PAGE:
The Document Type Declaration, or DOCTYPE, is an instruction in an HTML document that specifies the version of HTML or XHTML being used. It helps browsers to correctly render and display the document by indicating the rules and specifications to follow. The DOCTYPE declaration is placed at the very beginning of an HTML document, typically within the `<!DOCTYPE>` tag.
Here is an example of a DOCTYPE declaration for HTML5:
<!DOCTYPE html>
<html lang=”en”>
  <meta charset=”UTF-8″>
  <meta name=”viewport” content=”width=device-width, initial-scale=1.0″>
  <title>HTML DOCTYPE Example</title>
  <!– The content of the HTML document goes here –>

HTML Document Type Declaration - Example of a DOCTYPE declaration for HTML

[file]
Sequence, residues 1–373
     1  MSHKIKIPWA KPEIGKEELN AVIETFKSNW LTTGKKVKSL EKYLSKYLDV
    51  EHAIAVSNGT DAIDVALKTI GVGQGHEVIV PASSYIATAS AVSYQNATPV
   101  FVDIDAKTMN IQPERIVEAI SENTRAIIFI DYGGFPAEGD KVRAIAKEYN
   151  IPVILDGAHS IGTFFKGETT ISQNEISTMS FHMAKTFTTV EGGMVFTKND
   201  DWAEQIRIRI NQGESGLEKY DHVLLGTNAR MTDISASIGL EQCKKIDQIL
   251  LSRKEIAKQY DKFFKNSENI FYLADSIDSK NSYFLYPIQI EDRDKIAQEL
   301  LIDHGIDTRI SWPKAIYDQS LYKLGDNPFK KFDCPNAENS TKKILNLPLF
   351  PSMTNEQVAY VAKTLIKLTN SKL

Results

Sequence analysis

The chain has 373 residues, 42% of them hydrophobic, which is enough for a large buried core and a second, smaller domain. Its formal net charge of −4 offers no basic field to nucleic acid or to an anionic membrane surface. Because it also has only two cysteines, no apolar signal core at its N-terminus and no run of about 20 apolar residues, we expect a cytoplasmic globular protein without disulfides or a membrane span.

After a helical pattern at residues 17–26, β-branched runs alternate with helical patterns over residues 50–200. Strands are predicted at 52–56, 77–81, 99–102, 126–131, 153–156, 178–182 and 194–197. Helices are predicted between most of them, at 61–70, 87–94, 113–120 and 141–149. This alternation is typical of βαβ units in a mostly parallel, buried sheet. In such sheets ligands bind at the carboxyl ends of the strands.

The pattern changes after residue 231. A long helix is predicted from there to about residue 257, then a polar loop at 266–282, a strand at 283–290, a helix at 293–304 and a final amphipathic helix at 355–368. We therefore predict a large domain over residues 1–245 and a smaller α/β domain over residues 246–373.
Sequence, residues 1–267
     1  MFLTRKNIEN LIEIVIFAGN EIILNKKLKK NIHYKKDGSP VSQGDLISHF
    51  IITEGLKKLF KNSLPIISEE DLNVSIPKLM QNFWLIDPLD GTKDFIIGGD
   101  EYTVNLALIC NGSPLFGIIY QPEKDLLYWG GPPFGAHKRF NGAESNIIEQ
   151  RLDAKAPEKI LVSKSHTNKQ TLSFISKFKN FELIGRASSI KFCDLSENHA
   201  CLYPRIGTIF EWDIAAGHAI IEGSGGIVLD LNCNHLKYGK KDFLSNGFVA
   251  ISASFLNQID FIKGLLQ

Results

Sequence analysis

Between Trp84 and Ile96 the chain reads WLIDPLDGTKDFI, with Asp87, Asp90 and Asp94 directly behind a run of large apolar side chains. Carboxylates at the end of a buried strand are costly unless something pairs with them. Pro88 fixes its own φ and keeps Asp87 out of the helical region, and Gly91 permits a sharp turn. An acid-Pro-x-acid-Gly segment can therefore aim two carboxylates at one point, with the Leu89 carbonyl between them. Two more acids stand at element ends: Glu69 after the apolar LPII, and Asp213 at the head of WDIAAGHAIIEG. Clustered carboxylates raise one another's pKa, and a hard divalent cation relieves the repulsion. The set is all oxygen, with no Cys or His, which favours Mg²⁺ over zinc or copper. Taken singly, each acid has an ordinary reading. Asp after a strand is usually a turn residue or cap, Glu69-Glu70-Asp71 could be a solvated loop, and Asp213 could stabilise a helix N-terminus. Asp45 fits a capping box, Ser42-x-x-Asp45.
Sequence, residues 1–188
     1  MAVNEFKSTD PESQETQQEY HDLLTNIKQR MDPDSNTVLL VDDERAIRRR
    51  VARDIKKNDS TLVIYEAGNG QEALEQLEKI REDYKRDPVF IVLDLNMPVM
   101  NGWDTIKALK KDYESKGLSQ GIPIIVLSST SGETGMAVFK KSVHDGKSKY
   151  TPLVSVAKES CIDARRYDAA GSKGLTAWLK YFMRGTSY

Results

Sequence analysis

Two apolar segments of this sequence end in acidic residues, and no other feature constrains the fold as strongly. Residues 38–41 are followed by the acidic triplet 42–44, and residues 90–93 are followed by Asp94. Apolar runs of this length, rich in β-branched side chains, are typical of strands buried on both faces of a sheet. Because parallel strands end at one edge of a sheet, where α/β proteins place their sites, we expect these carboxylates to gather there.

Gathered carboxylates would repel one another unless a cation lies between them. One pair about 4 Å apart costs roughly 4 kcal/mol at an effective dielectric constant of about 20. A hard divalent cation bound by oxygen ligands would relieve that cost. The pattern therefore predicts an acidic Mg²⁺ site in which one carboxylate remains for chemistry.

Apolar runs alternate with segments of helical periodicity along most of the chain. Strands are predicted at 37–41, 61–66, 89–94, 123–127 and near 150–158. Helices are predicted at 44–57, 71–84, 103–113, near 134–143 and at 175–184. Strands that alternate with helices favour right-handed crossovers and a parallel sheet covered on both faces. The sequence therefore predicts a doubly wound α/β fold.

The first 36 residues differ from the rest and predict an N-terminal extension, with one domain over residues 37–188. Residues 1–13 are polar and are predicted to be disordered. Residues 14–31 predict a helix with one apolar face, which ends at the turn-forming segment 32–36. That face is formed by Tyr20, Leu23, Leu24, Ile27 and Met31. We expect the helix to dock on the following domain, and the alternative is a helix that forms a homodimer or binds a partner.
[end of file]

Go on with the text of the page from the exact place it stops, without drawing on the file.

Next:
In this example:

– `<!DOCTYPE html>` specifies that the document follows the HTML5 standard.
– The HTML document is then contained within the `<html>` tags.
– The `lang=”en”` attribute in the `<html>` tag indicates that the document is written in English.
The DOCTYPE declaration is not an HTML tag; it’s an instruction to the browser about the version of HTML or XHTML in use. Different versions of HTML have different DOCTYPE declarations. For example, the DOCTYPE for HTML 4.01 might look like:
It’s important to use the correct DOCTYPE declaration for the version of HTML or XHTML you are using, as it helps browsers interpret and render the content according to the specified standard. For modern web development, HTML5 is the standard, and the `<!DOCTYPE html>` declaration is commonly used.